Peugeot’s new 3008 DKR scored a one-two-three finish in the grueling 5,600-mile trek of the 2017 Dakar Rally through Paraguay, Bolivia and Argentina.
First place was won by Stéphane Peterhansel who now has 13 Dakar titles to his name, making him the most successful driver in the event’s history. His co-driver was Jean Paul Cottret with whom Peterhansel has scored all seven of his car category Dakar titles.
Despite the duo’s expertise, the event turned out to be a close, drama-packed affair with numerous leader changes. Coming second overall for the second year in a row and posting the highest number of fastest stage times (five from 10) was fellow Frenchman Sébastien Loeb with co-driver Daniel Elena. Their chances of victory took a blow on Day 4, when an engine issue cost them 26 minutes, proving cruelly decisive in the final reckoning.
In third place was Cyril Despres with co-driver David Castera. They also recorded their first fastest time in the car category and even appeared at the top of the provisional leader board at one point.
All raced in the 3008 DKR design derived from Peugeot’s latest 3008 SUV, though the rally version is a very different vehicle. The 3008 DKR is based around a custom frame with a turbocharged 3.0-liter V-6 diesel engine mounted at the rear and rear wheel drive only. With raised suspension and 37-inch tires the 3008 DKR is a rally monster. See it in action here: https://www.youtube.com/watch?v=n0u0f0dxHJc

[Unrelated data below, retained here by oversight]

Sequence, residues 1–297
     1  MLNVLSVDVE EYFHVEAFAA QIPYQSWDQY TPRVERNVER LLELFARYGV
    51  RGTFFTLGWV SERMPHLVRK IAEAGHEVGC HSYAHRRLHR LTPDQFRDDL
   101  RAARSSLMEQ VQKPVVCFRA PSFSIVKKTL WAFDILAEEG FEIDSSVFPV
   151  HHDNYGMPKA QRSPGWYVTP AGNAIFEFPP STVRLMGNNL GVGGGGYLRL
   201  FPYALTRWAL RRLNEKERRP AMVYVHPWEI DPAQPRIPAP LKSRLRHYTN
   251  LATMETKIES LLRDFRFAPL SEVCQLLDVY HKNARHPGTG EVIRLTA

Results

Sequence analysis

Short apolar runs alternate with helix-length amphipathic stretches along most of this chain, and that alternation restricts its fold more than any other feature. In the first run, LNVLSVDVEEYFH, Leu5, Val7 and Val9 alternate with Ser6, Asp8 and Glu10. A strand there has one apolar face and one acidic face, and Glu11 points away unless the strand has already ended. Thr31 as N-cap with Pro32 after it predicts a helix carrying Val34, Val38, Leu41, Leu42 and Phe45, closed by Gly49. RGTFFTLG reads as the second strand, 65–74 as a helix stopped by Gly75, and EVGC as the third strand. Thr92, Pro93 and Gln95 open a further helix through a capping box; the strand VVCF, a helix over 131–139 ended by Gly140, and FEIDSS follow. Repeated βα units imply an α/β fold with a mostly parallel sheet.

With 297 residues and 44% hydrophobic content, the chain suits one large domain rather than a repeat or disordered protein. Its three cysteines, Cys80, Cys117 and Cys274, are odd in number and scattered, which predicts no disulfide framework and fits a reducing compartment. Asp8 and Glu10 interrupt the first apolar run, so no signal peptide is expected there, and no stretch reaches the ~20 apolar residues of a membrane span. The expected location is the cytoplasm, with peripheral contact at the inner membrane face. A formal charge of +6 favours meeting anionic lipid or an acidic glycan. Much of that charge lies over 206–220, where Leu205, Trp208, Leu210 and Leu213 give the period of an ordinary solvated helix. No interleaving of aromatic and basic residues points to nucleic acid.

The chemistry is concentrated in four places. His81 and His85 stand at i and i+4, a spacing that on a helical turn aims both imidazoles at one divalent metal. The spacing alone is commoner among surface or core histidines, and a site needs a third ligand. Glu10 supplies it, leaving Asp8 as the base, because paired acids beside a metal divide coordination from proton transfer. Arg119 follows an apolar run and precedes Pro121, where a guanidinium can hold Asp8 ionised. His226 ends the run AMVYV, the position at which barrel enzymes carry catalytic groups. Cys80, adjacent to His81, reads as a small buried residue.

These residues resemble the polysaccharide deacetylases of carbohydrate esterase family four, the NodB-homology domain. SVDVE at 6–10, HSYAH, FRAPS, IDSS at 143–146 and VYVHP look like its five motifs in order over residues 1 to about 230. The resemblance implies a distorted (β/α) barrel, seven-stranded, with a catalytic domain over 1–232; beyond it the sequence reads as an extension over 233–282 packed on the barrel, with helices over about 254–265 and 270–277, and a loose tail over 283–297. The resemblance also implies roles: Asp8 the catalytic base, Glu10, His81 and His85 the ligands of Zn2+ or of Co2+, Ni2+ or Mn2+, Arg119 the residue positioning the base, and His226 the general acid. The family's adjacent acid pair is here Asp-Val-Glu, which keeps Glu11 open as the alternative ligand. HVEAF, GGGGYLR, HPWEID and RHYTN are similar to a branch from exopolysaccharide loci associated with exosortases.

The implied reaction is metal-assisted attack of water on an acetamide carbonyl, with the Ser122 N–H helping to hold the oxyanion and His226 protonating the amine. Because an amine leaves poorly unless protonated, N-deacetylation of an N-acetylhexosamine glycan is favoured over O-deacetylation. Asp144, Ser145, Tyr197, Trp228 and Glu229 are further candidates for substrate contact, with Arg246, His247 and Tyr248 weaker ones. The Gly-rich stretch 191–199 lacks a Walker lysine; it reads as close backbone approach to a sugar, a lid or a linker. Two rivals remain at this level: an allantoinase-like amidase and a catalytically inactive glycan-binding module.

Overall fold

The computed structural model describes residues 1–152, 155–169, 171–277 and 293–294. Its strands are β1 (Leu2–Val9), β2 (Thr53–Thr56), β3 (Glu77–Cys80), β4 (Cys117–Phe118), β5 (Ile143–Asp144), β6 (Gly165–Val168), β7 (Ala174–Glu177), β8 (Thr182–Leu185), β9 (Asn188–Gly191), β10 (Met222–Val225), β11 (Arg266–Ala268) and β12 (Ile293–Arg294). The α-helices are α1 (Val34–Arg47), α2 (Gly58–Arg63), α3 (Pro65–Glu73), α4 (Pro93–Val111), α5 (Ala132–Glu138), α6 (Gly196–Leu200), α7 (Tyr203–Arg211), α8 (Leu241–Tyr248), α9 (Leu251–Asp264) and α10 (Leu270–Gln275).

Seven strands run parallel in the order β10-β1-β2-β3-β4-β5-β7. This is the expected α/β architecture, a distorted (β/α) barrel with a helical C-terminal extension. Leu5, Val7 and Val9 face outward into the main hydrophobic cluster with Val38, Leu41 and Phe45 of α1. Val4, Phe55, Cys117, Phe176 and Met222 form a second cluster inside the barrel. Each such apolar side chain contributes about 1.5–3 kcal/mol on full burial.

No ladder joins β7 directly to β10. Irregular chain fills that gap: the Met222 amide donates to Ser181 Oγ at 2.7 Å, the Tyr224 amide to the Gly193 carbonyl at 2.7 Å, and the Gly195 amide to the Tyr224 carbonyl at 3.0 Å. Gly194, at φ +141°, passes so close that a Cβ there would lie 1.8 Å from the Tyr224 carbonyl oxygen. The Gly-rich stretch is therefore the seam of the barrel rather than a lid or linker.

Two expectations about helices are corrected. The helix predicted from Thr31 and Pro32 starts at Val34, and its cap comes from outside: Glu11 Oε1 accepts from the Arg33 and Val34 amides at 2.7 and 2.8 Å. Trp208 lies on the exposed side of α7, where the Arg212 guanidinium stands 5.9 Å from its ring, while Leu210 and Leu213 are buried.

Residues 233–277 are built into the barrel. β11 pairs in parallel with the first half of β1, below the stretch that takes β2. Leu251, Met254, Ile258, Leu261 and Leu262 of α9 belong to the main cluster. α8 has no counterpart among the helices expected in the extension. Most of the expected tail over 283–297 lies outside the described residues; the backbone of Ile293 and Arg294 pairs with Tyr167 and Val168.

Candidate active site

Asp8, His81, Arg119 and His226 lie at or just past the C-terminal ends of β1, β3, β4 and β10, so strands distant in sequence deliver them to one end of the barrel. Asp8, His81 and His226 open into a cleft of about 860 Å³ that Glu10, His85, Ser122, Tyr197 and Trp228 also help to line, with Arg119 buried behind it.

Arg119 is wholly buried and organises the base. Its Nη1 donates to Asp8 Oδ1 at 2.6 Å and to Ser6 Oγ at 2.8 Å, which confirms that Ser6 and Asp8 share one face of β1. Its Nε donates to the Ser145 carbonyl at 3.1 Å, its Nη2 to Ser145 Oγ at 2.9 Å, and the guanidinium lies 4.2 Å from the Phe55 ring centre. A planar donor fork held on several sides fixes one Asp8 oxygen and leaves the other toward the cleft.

While Peugeot dominated Dakar, Citroën will return full time to participate in the 2017 World Rally Championship, after taking a year out in 2016 to develop its new car.
The 45th WRC season, organized by the Fédération Internationale de l’Automobile (FIA), is the highest class of international rallying pitting teams composed of drivers, co-drivers and support crew against each other in timed sprints across sections of closed public roads known as special stages. Kris Meeke, Craig Breen and Stephane Lefebvre are scheduled to be driving for Citroën. The rrally drivers must be prepared to drive on gravel, ice, snow, mud, and pavement – often all within the same event and in many instances driving essentially blind with only the co-drivers’ instructions to point them in the right direction. Rally is widely regarded as one of the most challenging motorsports due to the unique terrain that the drivers and cars must tackle.
The 2017 season will see the introduction of a significant new ruleset, designed specifically to invoke memories of the iconic ‘Group B’ era of the mid-1980s, a time when rally teams were allowed to design cars with almost limitless power levels. Group B cars, which included iconic machines like the Audi Quattro and Peugeot 205 T16, were more powerful and faster than F1 cars of their day and sported huge wings, spoilers and scoops and the 80s is widely regarded as rallying’s greatest era. As a result, the 2017 cars will be allowed much more freedom in their design. Maximum power is due to increase from around 300bhp to 380bhp, weight will drop from 1,200kg to 1,175kg and manufacturers will be allowed a full 55mm extra to work with for larger bumpers, wings and wheel arches.
The winning driver this year could well be Citroën’s Kris Meeke.
The Northern Irishman took a year out during 2016 to work with the company to specifically to develop the next-gen C3 WRC, and so it’s Meeke who has spent the most time behind the wheel of their newest car. Add to the fact that he set some stunning times in some of the most notoriously difficult rallies in 2015 he has a serious chance of taking the 2017 drivers’ championship.